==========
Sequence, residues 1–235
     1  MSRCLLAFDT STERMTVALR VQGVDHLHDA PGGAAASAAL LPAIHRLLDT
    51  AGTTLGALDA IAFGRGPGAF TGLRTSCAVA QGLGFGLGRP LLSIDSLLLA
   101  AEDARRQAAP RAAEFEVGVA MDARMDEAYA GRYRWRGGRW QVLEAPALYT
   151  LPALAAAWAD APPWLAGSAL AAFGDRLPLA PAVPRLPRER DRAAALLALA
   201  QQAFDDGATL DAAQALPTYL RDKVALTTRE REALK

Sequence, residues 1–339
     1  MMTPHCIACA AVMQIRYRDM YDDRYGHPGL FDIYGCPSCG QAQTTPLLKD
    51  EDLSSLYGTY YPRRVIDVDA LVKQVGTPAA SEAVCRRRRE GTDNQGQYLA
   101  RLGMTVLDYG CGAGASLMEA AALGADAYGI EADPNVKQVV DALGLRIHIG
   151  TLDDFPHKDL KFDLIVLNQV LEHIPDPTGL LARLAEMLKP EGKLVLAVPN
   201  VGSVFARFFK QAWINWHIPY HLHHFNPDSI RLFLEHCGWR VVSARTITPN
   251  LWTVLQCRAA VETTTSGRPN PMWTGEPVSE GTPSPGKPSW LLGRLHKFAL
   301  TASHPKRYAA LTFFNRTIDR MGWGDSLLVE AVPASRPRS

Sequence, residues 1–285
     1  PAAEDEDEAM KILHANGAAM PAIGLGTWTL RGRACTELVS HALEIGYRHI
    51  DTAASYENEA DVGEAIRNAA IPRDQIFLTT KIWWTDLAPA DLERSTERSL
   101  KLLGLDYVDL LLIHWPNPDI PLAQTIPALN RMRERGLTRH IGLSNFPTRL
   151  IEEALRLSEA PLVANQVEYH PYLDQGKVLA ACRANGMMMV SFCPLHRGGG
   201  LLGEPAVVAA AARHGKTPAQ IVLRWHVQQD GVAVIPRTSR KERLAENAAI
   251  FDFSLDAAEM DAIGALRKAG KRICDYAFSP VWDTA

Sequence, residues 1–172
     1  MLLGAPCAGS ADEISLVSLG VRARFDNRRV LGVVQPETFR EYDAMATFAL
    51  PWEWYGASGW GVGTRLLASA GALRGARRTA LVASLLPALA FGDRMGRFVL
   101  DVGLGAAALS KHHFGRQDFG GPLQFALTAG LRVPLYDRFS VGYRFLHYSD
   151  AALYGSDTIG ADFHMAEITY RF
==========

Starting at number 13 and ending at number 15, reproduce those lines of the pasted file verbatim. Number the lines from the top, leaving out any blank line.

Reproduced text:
   251  LWTVLQCRAA VETTTSGRPN PMWTGEPVSE GTPSPGKPSW LLGRLHKFAL
   301  TASHPKRYAA LTFFNRTIDR MGWGDSLLVE AVPASRPRS

Sequence, residues 1–285